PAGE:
Judicial Decision Making in Times of FINANCIAL CRISES
Sommer, Udi, Li, Quan, Judicature
State Supreme Courts and Mortgage Moratorium Laws in the Great Depression
Ever since the bankruptcy of Lehman Brothers on September 15, 2008, which is widely viewed as a watershed event in the current financial crisis, the U.S. housing market still faces considerable destabilizing pressures. Foreclosure filings reached a historical high in July 2009, registering a year-over-year increase of more than thirty percent. Most recently, sales of foreclosed homes accounted for twenty-five percent of all residential sales in the third quarter of 2010.' It appears that the scope and severity of the current crisis in housing could only be matched by what happened during the Great Depression when nearly 50 percent of urban homeowners became delinquent by January 1934.2
In the current recession, governments at various levels have rushed to prevent the worsening of the housing market. The measures adopted vary. Many states put in place temporary mortgage moratoria through state laws. Likewise, the Housing and Economic Recovery Act of 2008 increased loan guarantees of the Federal Housing Administration by $300 billion in order to encourage lenders to refinance delinquent home mortgages.3 In this article, we focus on one branch of government, the judiciary, and study how it responds to housing crises by examining the Casé of the 1930s and 1940s. The financial environments for foreclosures were different in the 1930s and today. Yet, a closer examination of the role of courts in the housing crisis during the Great Depression should improve our understanding of the operation of courts in times of crisis in general4 and particularly in times of financial crisis.5 In addition, by focusing on state Supreme Court decision-making, this article enhances our understanding of how state courts operate within their unique institutional, structural and legal settings, and specifically the role those courts assume during Crises. Finally, while recognizing certain differences between the 1930s and the current crisis, the findings of our study offer some valuable historical lessons.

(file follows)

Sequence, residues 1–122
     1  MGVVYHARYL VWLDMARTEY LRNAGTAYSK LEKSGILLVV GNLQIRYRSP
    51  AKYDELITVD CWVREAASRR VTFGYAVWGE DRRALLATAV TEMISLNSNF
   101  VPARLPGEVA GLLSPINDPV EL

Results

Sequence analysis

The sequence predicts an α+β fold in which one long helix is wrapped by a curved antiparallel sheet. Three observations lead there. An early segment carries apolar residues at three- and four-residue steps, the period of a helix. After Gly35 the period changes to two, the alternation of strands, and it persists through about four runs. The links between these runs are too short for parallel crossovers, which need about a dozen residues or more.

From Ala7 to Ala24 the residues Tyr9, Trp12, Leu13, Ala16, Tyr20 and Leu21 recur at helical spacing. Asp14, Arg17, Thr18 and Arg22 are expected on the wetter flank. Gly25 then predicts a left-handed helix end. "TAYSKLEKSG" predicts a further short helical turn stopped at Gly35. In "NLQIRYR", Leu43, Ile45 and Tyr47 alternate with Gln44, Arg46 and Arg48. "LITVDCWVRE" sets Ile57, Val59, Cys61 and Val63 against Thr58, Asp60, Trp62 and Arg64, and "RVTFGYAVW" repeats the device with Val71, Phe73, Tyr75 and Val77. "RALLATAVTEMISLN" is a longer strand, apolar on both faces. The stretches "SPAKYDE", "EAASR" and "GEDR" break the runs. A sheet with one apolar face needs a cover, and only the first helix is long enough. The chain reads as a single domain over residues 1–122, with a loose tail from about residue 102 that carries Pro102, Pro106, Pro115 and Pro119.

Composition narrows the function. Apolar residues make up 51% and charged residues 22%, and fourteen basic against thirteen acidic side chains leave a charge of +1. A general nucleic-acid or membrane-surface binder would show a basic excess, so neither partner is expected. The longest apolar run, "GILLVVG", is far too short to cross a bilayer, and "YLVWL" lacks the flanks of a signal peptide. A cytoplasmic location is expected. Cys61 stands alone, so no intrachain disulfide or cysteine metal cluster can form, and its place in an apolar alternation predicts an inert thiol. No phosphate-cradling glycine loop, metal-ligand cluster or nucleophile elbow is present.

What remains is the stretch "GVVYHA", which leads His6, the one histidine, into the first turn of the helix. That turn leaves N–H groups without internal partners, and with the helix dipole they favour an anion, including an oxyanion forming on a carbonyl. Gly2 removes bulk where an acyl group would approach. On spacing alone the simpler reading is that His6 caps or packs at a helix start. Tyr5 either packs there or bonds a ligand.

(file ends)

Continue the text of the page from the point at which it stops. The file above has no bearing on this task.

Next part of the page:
Foreclosures and the Judiciary
The role of state judiciary in preventing foreclosures was enhanced during the 1930s.9 By foreclosure, we refer to both residential and commercial foreclosures. Depending on the amount of judicial discretion granted by their state legislature, state courts' dealings with the foreclosure procedure varied. In states where mortgage relief legislation was adopted, the courts in some instances were empowered to intervene on behalf of debtors in at least two major ways. First, creditors were prevented from obtaining tide to a property for a specified period of time, which was usually set by the courts and at the courts' discretion. Secondly, the courts could discretionarily set a rental price that was usually below the free market rental for debtors to pay during a grace period.7 In states where legislative inertia prevented the adoption of relief measures, state courts sometimes took the initiative and responded directly to the demand of relief. In other instances when state courts refused to offer any special relief for debtors, it was the state legislature that managed to use legislative solutions to help mortgagors. Notably, however, when states tried to renew their temporary mortgage moratorium laws, the Courts oftentimes declared them unconstitutional .8
While the literature revealsan interesting picture of the role of the judiciary in the housing market during the Great Depression, it leaves some important questions unanswered. Following the Supreme Court's landmark decision in Home Building 6f Loan Assn. v. Blatsdell,9 legal scholars conducted lengthy debates concerning the jurisprudence of mortgage moratorium laws.10 These laws, as they were passed by the states in the early 1930s, faced at least two potential constitutional challenges.11 First, these statutes might violate the Fourteenth Amendment of the Federal Constitution and the corresponding sections of the state Constitutions, which protected creditors' property rights under due process of law. …